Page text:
Fishing clubs get behind citizen science fish toxin project

February 13, 2015 by Marea Martlew, University of Technology, Sydney
Fishing clubs get behind citizen science fish toxin project
Credit: emmett anderson

Northern NSW fishing clubs are encouraging their members to become citizen scientists as part of the first ever study into the presence of toxins (CTXs), that cause the serious seafood-borne illness ciguatera fish poisoning (CFP), in fish caught in NSW waters.

Dr Olivier Laczka and Associate Professor Shauna Murray, from the UTS Plant Functional Biology and Climate Change Cluster (C3), are enlisting the aid of recreational fishers between Coffs Harbour and Byron Bay with the aim of gathering data that will help determine if the toxins are present in Spanish , a fish popular with recreational fishers and associated with CFP.

"These toxins are naturally produced by marine microalgae and bio-accumulate in both the fish that graze on the algae as well as the predator fish that feed on them. Humans, at the end of this food web, contract CFP by eating carnivorous fish such as Spanish mackerel," Dr Laczka says.

Although CFP is generally associated with tropical waters, Associate Professor Murray, a world expert on CFP, has detected the toxin in algae collected in the temperate waters off the NSW South Coast. In 2014 outbreaks of the illness caused by eating fish caught in Northern NSW waters resulted in the NSW DPI recommending that Spanish mackerel (Scomberomorus commerson) over 10kg not be kept for human consumption. The larger the fish the more toxin it accumulates - freezing and cooking processes do not degrade the toxin.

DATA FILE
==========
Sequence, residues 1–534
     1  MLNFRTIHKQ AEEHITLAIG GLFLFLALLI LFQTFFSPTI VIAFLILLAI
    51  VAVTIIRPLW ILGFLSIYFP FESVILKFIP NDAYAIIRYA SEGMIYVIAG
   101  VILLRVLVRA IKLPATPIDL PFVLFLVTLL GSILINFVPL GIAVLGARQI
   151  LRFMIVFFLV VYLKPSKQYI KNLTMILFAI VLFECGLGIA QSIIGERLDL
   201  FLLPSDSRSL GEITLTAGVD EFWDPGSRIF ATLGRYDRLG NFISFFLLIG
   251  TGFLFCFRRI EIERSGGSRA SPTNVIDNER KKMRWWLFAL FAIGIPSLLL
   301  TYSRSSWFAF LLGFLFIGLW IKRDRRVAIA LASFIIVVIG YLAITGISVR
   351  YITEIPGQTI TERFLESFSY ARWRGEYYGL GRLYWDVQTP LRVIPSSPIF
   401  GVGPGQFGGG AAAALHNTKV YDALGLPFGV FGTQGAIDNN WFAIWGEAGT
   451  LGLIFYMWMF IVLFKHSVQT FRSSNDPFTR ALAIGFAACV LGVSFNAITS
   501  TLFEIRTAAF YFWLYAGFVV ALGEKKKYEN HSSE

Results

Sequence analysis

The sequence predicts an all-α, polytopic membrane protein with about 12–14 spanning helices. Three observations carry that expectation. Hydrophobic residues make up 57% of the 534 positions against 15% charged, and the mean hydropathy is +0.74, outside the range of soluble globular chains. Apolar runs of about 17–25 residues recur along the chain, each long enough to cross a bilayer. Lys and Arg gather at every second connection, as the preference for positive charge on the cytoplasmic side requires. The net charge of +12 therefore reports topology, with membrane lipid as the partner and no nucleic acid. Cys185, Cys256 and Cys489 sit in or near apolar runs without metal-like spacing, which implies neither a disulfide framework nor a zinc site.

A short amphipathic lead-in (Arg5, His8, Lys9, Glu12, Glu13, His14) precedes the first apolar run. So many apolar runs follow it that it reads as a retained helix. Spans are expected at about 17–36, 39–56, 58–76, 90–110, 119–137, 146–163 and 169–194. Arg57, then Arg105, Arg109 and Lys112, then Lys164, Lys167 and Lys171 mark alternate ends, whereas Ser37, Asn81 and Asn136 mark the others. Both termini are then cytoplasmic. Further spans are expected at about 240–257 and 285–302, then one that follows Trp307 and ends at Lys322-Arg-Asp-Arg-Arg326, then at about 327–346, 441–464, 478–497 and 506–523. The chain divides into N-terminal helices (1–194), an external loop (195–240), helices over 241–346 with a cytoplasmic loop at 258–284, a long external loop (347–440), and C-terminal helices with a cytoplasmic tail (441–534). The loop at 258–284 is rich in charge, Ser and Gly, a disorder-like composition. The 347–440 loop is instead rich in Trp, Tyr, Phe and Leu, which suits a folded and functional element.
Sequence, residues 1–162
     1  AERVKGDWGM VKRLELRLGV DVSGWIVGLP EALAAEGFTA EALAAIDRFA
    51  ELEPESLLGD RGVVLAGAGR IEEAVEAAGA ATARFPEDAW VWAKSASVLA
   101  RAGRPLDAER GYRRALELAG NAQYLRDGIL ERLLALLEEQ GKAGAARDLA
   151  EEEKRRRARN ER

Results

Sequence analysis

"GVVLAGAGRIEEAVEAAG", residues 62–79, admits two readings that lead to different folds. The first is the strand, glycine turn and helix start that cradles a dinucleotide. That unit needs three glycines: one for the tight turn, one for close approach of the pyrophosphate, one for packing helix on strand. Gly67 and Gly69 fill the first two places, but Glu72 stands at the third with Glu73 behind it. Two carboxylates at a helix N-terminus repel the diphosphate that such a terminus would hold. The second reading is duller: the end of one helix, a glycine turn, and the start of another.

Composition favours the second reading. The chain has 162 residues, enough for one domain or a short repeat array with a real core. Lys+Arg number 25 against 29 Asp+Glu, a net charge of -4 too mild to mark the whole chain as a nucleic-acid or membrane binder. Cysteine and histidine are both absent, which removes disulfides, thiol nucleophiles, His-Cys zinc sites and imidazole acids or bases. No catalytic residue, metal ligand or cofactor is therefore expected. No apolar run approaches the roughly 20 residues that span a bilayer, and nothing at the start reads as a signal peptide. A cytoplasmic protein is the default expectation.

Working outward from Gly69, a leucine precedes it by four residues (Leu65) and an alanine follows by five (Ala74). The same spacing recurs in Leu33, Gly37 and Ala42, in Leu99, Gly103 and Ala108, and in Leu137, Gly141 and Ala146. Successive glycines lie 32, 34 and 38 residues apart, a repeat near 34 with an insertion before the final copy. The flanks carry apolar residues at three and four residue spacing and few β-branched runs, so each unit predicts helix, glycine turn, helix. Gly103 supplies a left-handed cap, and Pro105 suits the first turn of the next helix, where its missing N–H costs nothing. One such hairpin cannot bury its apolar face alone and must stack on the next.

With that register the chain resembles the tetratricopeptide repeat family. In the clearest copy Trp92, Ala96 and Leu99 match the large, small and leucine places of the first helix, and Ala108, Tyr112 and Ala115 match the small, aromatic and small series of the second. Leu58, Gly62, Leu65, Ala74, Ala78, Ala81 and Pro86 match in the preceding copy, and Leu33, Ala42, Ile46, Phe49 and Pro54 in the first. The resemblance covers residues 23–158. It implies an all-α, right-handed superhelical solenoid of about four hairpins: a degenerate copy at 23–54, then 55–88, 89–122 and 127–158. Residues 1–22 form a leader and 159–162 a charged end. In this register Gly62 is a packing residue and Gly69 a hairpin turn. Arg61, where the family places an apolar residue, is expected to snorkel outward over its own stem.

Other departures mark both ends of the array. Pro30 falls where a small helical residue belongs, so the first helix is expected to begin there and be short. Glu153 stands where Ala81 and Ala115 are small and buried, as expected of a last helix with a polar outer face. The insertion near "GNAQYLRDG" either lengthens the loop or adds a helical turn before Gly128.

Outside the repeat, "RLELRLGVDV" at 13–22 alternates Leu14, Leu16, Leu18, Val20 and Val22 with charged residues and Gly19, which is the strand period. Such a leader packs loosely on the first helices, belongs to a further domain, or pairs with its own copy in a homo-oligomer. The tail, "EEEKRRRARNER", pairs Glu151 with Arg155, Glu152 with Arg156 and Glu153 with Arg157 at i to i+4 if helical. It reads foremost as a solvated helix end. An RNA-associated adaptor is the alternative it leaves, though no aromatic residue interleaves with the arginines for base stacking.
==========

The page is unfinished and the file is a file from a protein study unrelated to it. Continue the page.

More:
"However, there is no data from NSW on the size of susceptible fish, or where they were caught. We aim to establish the first CTX testing facility in NSW and recreational fishers will be helping unlock the secrets to a problem that is on the rise worldwide," Dr Laczka added.

The toxin producing microalgae (Gambierdiscus spp) seem to thrive in environments undergoing environmental disturbance making coral reef and seagrass ecosystems, as well as the humans who rely on them for food, especially vulnerable. As oceans continue to warm scientists and fisheries experts are concerned that more reef dwelling migratory , such as Spanish mackerel, caught in temperate waters, will have bio-accumulated CTX.

The UTS scientists have received an enthusiastic response from organisations such as the Coffs Harbour Deep Sea Fishing Club, handing out sampling kits and guides and answering questions about the impact of CFP. Fishers have been asked to collect samples of flesh and liver from Spanish mackerel and record the size, weight, location and date of the catch.

Explore further: New research sheds light on the genetic secrets of deadly algae

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